Legal academics are divided on the new popular theory that former President Donald Trump can be removed from ballots under Section 3 of the Fourteenth Amendment. While I respect many of the academics who view this as a credible interpretation, I have long opposed it as textually and historically flawed. In addition to some exaggerated claims of precedent, I view the theory as one of the most dangerous in my lifetime. One thing, however, we agree upon: it is time for the federal courts to rule on this theory to bring clarity to the election. That may now occur in West Virginia where Attorney General Patrick Morrisey wants a federal court to throw out a lawsuit attempting to remove Donald Trump from the ballot in the state. What is most striking about the filing is the accusation of judge-shopping by advocates like John Anthony Castro in seeking to remove Donald Trump from the ballot in the state.
I have previously addressed the constitutional basis for this claim. It is, in my view, wildly out of sync with the purpose of the amendment, which followed an actual rebellion, the Civil War.
The 14th Amendment bars those who took the oath and then “engaged in insurrection or rebellion against the same.” It then adds that that disqualification can extend to those who have “given aid or comfort to the enemies thereof.”
The “disqualification clause” was written after the 39th Congress convened in December 1865 when many members were shocked to see Alexander Stephens, the Confederate vice president, waiting to take a seat with an array of other former Confederate senators and military officers.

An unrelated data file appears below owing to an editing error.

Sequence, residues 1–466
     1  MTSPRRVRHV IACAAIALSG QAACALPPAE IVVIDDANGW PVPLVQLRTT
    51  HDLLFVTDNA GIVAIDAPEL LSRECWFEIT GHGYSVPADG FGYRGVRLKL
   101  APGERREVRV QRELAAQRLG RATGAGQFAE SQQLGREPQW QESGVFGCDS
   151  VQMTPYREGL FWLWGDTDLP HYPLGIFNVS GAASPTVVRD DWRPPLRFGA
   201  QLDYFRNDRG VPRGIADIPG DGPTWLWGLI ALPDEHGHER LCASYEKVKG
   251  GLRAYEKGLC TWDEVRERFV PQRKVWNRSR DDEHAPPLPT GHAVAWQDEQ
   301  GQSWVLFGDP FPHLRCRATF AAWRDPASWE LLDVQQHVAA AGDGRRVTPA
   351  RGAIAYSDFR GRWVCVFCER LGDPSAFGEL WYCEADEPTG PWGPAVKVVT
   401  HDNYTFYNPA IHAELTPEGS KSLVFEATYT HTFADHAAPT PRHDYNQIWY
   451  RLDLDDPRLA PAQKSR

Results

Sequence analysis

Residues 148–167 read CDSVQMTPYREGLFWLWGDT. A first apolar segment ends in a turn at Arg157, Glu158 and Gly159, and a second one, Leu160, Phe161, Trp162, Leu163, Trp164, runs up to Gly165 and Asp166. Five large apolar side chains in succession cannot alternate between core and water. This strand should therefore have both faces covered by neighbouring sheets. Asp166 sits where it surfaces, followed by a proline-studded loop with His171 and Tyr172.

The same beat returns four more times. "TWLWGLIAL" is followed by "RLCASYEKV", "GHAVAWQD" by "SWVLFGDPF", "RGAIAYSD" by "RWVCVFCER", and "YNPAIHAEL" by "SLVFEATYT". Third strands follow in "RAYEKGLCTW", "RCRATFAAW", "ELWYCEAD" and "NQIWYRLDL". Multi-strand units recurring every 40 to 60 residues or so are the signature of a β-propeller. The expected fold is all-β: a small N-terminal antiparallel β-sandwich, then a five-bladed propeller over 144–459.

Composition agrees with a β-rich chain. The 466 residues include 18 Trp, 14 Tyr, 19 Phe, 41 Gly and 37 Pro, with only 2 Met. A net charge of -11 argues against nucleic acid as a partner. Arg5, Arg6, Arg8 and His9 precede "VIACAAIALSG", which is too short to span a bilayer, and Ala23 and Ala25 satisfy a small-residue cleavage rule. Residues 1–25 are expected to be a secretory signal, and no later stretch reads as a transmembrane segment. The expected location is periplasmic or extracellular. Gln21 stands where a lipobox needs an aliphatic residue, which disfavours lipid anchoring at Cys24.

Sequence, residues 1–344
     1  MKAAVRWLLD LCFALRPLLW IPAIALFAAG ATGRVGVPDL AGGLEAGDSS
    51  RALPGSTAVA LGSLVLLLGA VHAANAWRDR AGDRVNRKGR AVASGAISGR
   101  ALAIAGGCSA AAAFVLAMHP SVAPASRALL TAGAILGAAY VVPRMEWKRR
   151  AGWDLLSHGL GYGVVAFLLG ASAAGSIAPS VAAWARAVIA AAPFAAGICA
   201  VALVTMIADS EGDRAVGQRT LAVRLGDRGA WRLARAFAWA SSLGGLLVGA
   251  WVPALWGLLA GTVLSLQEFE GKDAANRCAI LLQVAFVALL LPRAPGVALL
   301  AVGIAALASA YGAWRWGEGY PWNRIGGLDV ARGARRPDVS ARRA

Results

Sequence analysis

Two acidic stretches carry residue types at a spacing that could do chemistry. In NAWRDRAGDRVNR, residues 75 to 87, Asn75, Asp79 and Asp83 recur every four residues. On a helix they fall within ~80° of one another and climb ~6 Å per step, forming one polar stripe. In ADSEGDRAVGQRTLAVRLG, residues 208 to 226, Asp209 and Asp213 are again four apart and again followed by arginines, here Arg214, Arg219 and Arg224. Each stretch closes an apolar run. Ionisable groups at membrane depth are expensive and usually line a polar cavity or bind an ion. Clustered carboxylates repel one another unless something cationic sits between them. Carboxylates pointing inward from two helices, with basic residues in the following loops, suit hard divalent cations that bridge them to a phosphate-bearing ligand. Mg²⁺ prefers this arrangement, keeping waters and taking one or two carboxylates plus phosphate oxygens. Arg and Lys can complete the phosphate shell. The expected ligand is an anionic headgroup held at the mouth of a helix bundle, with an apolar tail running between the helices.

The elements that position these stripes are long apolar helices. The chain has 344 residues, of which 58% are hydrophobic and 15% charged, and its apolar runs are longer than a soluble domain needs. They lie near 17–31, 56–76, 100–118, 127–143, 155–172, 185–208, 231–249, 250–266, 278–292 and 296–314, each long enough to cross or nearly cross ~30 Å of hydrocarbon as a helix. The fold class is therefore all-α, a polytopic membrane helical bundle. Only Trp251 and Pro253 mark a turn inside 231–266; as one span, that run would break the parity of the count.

Justice Edwin Reade of the North Carolina Supreme Court later explained, “[t]he idea [was] that one who had taken an oath to support the Constitution and violated it, ought to be excluded from taking it again.”
According to these experts, Jan. 6 was an “insurrection” and Trump gave “aid and comfort” to those who engaged in it by spreading election fraud claims and not immediately denouncing the violence.
Polls have shown that most of the public view Jan. 6 for what it was: a protest that became a riot. One year after the riot, CBS News mostly downplayed and ignored the result of its own poll showing that 76 percent viewed it for what it was, as a “protest gone too far.” The view that it was an actual “insurrection” was far less settled, with almost half rejecting the claim, a division breaking along partisan lines.
Nevertheless, Democrats have claimed that the 14th Amendment prevents Trump from running because he supported an “insurrection or rebellion.”
They have argued that this long dormant clause can be used to block not just Trump but 120 Republicans in Congress from running for office.
The lawsuit could offer a long needed judicial review and an avenue to the Supreme Court for a final ruling. Yet, what was most notable was this paragraph in the filing on the motives and means used by Castro: